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Lethbridge Herald Newspaper Archives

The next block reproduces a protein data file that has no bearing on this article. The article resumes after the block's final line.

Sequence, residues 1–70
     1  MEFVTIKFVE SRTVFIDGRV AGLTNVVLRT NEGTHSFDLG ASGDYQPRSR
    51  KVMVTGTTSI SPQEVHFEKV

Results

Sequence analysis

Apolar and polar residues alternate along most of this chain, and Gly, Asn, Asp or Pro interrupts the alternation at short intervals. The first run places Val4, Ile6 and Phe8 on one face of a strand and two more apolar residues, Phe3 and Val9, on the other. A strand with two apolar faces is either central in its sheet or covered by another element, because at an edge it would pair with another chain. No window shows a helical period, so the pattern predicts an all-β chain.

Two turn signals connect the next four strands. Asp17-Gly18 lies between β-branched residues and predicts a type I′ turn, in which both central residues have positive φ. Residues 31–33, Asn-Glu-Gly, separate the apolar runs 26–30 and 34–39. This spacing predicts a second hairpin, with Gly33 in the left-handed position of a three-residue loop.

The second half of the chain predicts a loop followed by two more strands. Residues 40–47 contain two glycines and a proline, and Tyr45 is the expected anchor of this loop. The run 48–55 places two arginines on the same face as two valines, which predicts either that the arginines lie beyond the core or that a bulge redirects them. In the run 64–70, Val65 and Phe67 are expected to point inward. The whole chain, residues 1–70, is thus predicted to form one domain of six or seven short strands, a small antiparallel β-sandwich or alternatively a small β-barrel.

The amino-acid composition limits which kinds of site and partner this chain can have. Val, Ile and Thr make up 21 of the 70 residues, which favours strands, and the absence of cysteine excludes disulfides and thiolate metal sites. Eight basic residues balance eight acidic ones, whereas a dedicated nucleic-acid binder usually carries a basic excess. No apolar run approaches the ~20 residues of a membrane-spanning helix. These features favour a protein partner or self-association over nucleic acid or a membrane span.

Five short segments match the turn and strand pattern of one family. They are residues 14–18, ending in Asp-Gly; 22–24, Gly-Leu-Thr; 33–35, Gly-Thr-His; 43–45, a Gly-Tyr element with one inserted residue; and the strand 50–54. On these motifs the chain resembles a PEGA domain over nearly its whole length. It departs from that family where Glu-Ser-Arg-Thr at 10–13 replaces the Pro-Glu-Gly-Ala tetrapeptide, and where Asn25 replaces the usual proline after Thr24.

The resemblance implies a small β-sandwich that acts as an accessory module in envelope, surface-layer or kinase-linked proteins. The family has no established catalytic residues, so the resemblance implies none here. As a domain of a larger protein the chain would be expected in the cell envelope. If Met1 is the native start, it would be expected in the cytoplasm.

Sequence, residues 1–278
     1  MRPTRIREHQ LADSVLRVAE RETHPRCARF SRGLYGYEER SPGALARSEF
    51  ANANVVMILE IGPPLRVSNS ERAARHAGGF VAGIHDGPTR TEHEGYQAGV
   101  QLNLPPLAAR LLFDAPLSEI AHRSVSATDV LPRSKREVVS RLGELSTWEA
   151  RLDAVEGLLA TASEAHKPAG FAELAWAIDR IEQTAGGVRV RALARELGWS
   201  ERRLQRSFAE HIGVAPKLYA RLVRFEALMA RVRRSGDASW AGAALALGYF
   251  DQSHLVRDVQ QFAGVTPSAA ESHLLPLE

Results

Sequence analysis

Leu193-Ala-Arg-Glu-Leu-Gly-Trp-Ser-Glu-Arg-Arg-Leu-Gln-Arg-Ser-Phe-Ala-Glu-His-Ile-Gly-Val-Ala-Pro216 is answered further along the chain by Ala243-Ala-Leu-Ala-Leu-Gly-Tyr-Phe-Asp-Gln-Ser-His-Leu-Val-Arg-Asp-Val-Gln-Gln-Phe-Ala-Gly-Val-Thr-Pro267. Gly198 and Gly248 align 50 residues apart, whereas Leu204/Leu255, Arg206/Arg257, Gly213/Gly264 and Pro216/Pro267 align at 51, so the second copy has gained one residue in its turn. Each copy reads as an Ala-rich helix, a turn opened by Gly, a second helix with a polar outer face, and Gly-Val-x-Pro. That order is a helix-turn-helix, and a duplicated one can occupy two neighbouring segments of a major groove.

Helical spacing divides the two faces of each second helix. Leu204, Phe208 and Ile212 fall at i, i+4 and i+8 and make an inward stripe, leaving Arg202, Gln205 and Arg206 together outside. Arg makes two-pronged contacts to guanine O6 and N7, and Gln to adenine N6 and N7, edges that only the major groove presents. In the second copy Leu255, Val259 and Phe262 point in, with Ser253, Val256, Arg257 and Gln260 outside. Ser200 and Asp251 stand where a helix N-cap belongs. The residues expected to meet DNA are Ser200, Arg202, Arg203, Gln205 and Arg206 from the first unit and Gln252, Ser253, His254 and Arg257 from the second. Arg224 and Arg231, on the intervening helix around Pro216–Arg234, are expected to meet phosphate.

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Lethbridge Herald, The (Newspaper) - November 15, 1972, Lethbridge, Alberta ______ _______________________ Wndn.lHoy, November 15, THF lETHBHIDCf HMAID By DICK KLEINER HOLLYWOOD (NBA) Ever since he was a kid, Mark Spitz wanted two things out of 'life a fistful of Olympic medals and financial security. He got his first wish in Mu- nich. Seven medals, seven sym- bols of swimming superiority. And that feat is about to lead him to his second goal- Spitz just signed a deal with Schick, Inc., to become a mem- ber of their "world-wide mark- eting team." It was announced as a "lifetime association." What wasn't announced was that it brought Spitz a reward in seven figures, and, unless he goes haywire, that should be his dream of financial secu- rity. "I want security." Spitz said, in an exclusive interview, "so I'll neve- have to worry again. It's not for any present extra- vagances T don't even have another suit to wear tomorrow but lor security. GOAL "That's always been my goal. That's why I decided, a long time ago, on oral surgery as my career. Oral surgeons do very well." But herroes do better. And that's what Spitz Is, and that's what attracted the Schick peo- ple to him. Edward E. Ettin- ger, the company's board chair- man, thinks that way. "Spitz is the nearest thing to a Lindbergh type of hero this country has had in many Ed Ettinger says. And one day Ettinger was out on the links at Ilillcrest Goll Club in Los Angeles. So was Spitz. The swimmer is tak- ing golf lessons already he in the low 90s end the two men found themselves In the same foursome. "We walked around I o r Ettinger says, "and then it came to me. So I turn- ed around to Mark and I said, 'I want you.' ENTICED To entice him Into his opulent Ettinger asked Spitz what kind of car he'd like. Spitz said he'd like a brown Lincoln Mark IV with stereo casette sys- tem. "Three hours later I delivered It to Ettinger says. There were lots of orl'cre coming Spitz' way. But the agency that handles him he's lined up a top agent and n top publicity firm recom- mended the Schick's one first. There will be others. There will be acting deals, too He's already done some variety shows Bob Hope and Bill Cosby and much more will follow. Spitz gives the impression that he wasn't loo happy with his first appearance, on Hope's show. He only got the script on Sunday, he and Ihey tap- ed it the next day in one take. There were no rehearsals. Hope doesn't like to run through his skits more than once. DRIVE "1 think I was all Spitz says, "hut I'd have liked to have done it again 1 aga This drive he has for finan- cial security cannot be explain- ed by looking at his youth. He didn't come from a poor back- ground. His father is an en- gineer with a scrap metal com- pany and makes a good living. He always lived comfortably. "I began swimming when I was he says. "I always had an aptitude for it. Some kids find their identity in Little League baseball. I found ''mine in the swimming pool." He never thought about much else just swimming and, then the ambition to finish col- lege and go on to dental school. The idea of acting never really occurred to him MOVIE FAN "Oh, once in he says, "I'd go to the movies and I'd fantasize about how nice it would be to be In the leading man's shoes and kiss all the pretty girls. But it was just an idle dream." But that's all. No Beting les- sons. No high school or college plays, Not even any speech practice. If it hadn't been for hi' phenomenal sweep in Mu- nich, he'd be looking at teeth at the University of Indiana Den- tal School right now. His Olympic career, he says produced some peculiar num- erical coincidences. "I entered six events in Mex- ico City in '68 and seven events in Munich in '72." he says. "That's a total of 13 events unlucky, right? I won four med- als in '68 and seven in '72 that's 11 medals. And that's supposed lo be lucky." LUCK So ma3'be luck didn't have very much to do with It. Bui he has a way of explaining his j Olympic career. Halloween fund drive successful FOREMOST (Special) The annual Halloween campaign on behalf of UNICEF raised a total of in Foremost this year, compared with last year's total of Collection amounts were up both in the community Hallo- ween night canvas by the Fore- I most Cub Pack, and in the col- I lection boxes in the classrooms at Foremost School. The school I Uilal was and the commu- nity Top room in the school was the grade five and six room of Mrs. Roy (Irene) Wallman, or- ganizer of the campaign in the Foremost district. The second place award went to Jane Tliiessen's grade two class. Mr. Tagg's grade lour class was third, and the grade two and three class of Margaret Grigel was fourth. OVtRTOWERING Eiffel Tower isn I ilie fyu-iull it onco wcii, now ihnt has something nkin lo iky- tcropnri. Anyhow, from Iliii view. "I believe in the old parlies or premieres, he does he says. "The one about the j no interviews to speak of, and dog who stops to go to the bath- so far litre's no gossip about room won't catch the rabbit. Well, I stopped to go to the bathroom, I guess but it his doing much dating. HOBBIES "I spend most of my time looks like I'm going to catch I my he says. "I the rabbit anyhow." He's turned his back com- pletely on swimming. He says take pictures. I'm pretty good. I lake pictures of all kinds of things sometimes pretty girls, he hasn't even been in the sometimes bottle caps in the water since he climbed out of (gutter for ecology. And I have the Olympic pool in Munich, after his last triumph. He also says that if he'd been as suc- cesslul in Mexico City in '68 as he was in Munich in '72, he would have quit then. He's so far removed from things natatorial that he's not even in the Hollywood swim His advisers are keeping him pretty much under wraps here swimming, but he's still mak- he goes to none of the big ing a splash. JVot always funny Bike accidents soar in America my stereo I like all kinds of music and I've got some great You'll be hearing more of Mark Spitz. He'll do many of j Schick's commercials. He'll be acting and appearing on variety shows. Undoubtedly, he'll Iw in the gossip columns. He's got it made. No more BOSTON (AP) From the Boston Common In the Sunset Strip in Hollywood, bicycle riding is on the so are injuries and deaths as- sociated with the bike's chal- lenge of the automobile's su- premacy on the road. More American adults are Joining In what used lo be a kid's pastime of biking for fun, and many serious com- muters are using two wheels instead of four to avoid the traffic snarls of rush hour and strike H blow for ecology at tire same time. But some, like Kalhy ?.Tn- Kcnna of Boston, find thai biking tan be less than a joy ride. Miss McKenna was cycling to her job recently when she found herself sandwiched be- tween two lanes of cars on a busy street. The 20-year old secretary says she moved with the traffic flow for a few blocks when a car in the left lane began moving to the right. "At that she said, "the only thing I could do was put on "the brakes and hope for the best." The best for her was hitting Ilie rear of .the turning car, tumbling over her handlebai-s. rolling off the trunk and hit- ting the pavement. Miss Mc- Kenna escaped her ordeal with only a sprained wrist, but other cyclists aren't al- ways so lucky. The National Safety Council says there were 820 bike-auto fatalities in tbe U.S. last year, compared with 490 In 1961, and estimates that 880 bicycle riders will be killed this year. An NSC spokesman says there are more bike-related fatali- ties, but they frequently aren't reported because they don't involve automobiles. Accompanying the steady Increase in fatalities are soar- ing non-fatal injuries. Gene Dibenedetto, Boston's director of traffic safely education, says reported injuries to cycl- ists in bike-auto accidents have risen from 18 in 1969 to 37 in 1971. Similar figures are reported throughout the coun- try. Hospitals, particularly those in suburban and college com- munities, are recording marked increases in bicycle- related injuries. Authorities say bicycle com- muting is much more popular in suburban communities and on campuses, and this could account for rising injuries m these areas. The bicycle's main enemy on the road la the automobile. Authorities Bay many motor- ists consider bikes a nuisanct on streets and do not know that in fhe eyes of the law bikes have the same m care on the road. Some motoriste take their distaste of bikes to an ex- treme and actively harrasi up behind them to blast horns, forcing them off the road or malting kamikaze passes at high But much of the antagonism toward cyclists, and many of the injuries, can be blamed on the bike riders themselves. Bikes are supposed to follow the same rules of the roads as cars, but the small size, speed and added mobility of bikes tempts riders to take liberties with the laws. Many drivert are frustrated by bikes run- ning red lights and stop signs, darting between lanes, going the wrong way on one-way streets or coming out of blind driveways into Uie traffic flow. Police and safely officials are nearly unanimous in feel- ing that bike-car accidents could he reduced substantially if cyclists obeyed traffic laws and stayed off such dangerous as busy highways and throughfares. Today you can buy absolutely the best bra value we know of! Magic Cross fL Now. 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